We decided at the outset that however we ended up displaying the documents we included in the story, they had to be responsive. But this meant we’d have to come up with our own hack. Emily and I had both been thinking about this problem individually for a while, and we had some time to work on it, so we decided to try to figure out a solution that we could use in this project.

Emily: At the time of publication, DocumentCloud’s note embed code already resized and repositioned the note based on the width of the DC-note-container div, so I knew we only needed to solve for when the note is wider than the note embed and the right side of the note is cut off (see image below).

image01

To solve this problem, when the embed first loads, the code stored the coordinates, width and height of the note relative to an image of the page of the annotated document. When the page loads, the browser resizes or the orientation of your device changes, javascript media queries (matchMedia) detect whether the note is wider than the embed and then resizes and repositions the document image.

The original coordinates, width and height allow us to determine how wide the note is in relation to the document image and resize the document just enough to make the note 100% of the embed, instead of the document image 100% of the embed. This helps with readability by making the text as large as it can be. At times, depending on the width of the note and the size of the text, there will still be readability issues, so cropping the annotations carefully and testing to make sure they are readable is really important.

Here’s an example from the Willingham story of a responsive note on an iPhone 5:

image00

Ted: We were thrilled when Ben Chartoff (OpenNews fellow at the Washington Post) reached out to put Emily in touch with us.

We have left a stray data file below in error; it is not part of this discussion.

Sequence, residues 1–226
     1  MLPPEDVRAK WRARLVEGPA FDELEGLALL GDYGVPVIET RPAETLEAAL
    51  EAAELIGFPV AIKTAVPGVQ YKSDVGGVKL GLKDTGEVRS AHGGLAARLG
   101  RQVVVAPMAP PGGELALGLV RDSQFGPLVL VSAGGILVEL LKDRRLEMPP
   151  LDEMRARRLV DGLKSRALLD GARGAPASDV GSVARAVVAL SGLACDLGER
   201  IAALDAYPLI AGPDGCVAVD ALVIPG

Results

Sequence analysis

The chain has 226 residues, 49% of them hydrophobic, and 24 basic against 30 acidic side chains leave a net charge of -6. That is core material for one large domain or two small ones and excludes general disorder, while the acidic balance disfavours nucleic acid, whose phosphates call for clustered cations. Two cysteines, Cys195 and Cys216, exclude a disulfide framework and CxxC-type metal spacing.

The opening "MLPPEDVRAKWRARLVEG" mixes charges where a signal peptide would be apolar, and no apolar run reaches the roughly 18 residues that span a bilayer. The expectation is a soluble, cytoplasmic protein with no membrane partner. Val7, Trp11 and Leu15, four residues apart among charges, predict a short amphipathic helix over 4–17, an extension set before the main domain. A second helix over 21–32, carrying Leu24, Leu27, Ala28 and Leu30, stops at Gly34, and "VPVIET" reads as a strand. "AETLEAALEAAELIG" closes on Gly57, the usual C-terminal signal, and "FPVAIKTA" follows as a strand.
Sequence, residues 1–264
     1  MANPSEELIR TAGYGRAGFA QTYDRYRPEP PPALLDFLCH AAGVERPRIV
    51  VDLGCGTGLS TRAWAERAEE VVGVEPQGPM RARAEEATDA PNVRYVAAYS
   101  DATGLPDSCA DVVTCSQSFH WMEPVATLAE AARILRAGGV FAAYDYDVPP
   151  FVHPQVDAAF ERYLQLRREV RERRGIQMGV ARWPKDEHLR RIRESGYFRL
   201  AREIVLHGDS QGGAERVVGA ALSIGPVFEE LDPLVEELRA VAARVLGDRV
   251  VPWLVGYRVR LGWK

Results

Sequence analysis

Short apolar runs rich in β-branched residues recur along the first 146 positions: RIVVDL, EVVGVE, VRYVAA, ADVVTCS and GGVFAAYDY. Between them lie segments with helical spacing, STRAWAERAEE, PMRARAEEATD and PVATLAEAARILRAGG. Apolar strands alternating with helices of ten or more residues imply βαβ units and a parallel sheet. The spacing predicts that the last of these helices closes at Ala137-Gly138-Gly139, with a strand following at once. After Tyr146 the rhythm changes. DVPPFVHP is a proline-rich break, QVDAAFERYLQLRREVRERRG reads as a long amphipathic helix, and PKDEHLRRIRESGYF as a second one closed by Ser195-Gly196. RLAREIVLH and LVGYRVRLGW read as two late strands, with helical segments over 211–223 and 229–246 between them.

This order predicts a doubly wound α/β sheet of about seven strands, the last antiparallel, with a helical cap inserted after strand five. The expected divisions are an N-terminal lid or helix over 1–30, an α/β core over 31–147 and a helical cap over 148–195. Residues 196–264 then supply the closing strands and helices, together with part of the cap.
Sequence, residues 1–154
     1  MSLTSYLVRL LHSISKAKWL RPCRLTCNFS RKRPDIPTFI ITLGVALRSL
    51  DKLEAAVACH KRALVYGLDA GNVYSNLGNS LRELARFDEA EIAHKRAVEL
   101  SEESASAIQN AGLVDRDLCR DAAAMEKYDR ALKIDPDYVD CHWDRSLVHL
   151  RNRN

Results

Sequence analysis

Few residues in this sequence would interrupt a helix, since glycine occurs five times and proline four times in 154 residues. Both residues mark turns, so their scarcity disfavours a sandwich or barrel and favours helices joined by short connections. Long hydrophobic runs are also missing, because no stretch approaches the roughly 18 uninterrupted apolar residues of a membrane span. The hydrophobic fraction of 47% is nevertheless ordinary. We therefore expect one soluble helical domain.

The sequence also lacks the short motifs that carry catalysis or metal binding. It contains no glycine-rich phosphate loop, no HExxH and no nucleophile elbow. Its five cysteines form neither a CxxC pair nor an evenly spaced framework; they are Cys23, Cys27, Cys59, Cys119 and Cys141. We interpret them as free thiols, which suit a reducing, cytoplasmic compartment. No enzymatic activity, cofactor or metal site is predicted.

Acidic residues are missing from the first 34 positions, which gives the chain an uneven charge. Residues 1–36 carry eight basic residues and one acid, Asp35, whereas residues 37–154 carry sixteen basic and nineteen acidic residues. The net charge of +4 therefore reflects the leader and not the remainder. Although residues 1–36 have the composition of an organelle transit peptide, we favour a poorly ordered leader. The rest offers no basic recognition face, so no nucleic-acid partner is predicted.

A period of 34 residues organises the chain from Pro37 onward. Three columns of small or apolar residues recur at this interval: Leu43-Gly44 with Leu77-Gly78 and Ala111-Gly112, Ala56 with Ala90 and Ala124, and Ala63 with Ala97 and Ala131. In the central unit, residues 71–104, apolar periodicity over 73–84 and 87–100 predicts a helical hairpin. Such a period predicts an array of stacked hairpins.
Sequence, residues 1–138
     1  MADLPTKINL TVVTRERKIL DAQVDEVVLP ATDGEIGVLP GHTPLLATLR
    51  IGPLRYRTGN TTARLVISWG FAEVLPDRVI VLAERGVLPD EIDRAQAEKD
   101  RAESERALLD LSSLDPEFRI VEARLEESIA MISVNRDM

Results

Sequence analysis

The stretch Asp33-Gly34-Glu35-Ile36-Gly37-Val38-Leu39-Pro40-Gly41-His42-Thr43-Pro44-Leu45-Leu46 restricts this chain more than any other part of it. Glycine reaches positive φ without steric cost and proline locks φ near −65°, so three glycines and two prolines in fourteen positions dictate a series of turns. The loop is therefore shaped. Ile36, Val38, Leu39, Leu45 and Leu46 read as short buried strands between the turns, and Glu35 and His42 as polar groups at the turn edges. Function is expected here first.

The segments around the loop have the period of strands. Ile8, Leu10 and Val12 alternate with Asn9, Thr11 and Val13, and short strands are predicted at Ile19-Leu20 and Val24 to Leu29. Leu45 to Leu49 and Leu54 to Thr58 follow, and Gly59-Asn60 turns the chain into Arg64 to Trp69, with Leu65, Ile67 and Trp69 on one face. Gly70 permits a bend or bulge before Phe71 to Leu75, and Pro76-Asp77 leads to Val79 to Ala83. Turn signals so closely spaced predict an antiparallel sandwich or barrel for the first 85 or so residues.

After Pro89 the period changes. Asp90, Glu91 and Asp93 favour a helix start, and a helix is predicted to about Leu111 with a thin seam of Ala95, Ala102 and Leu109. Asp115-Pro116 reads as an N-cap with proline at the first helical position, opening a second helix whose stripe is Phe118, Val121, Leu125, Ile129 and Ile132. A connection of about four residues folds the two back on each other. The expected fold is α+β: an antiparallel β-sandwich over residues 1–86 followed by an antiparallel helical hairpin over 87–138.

We believe deeply in DocumentCloud as an open source project as well as the service to which journalists post documents relevant to the public interest. Emily and Matt’s motivation to extend the behavior which DocumentCloud already provides and to share their code back is exactly the kind of effort we love to see and encourage.

Technology in the world of news is a means toward the end of better reporting. Especially in competitive industries like ours, an open source ethos around the tools we all share is an avenue for us work together to improve the state of all reporting. Anyone who solves an issue for their own needs can help to solve that issue for everyone.

In that spirit we were excited to incorporate Emily’s code into our own. To do so, we spun our note code off into its own repository to make it easier for anyone to contribute (you can find the code on Github as documentcloud-notes). Then with the Washington Post’s & Marshall Project’s stories as a basis we began incorporating the changes. Ultimately, we ended up rewriting much of Emily’s code in the process, but what she had written served as the design criteria to anchor the code we wrote.

Our responsive notes code is already live on DocumentCloud now, and journalists needn’t take any additional steps to use it. Any embedded note from DocumentCloud will now behave responsively.

Congrats to our users, documen…

Posted
Sep 28th, 2012

Tags
Twitter

Author
documentcloud

Congrats to our users, documents on DocumentCloud have been viewed 60 million times. /TH

Nice use of embedded annotatio…

Posted
Sep 28th, 2012

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Twitter

Author
documentcloud

Nice use of embedded annotations to piece together a timeline of the death of a Guantánamo detainee: http://t.co/UZvZISIU by @ProPublica /ja

Trying to integrate the Docume…

Posted
Sep 20th, 2012

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Twitter

Author
documentcloud

Trying to integrate the DocumentViewer with an app in your newsroom? Useful tip: Here’s the “public” API: https://t.co/axjlpe2g /ja

The DocumentCloud API now supp…

Posted
Sep 10th, 2012

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Twitter

Author
documentcloud

The DocumentCloud API now supports CORS responses for public queries. Feel free to use it if JSONP isn’t your cup of tea… /ja

Interested in learning about D…

Posted
Sep 6th, 2012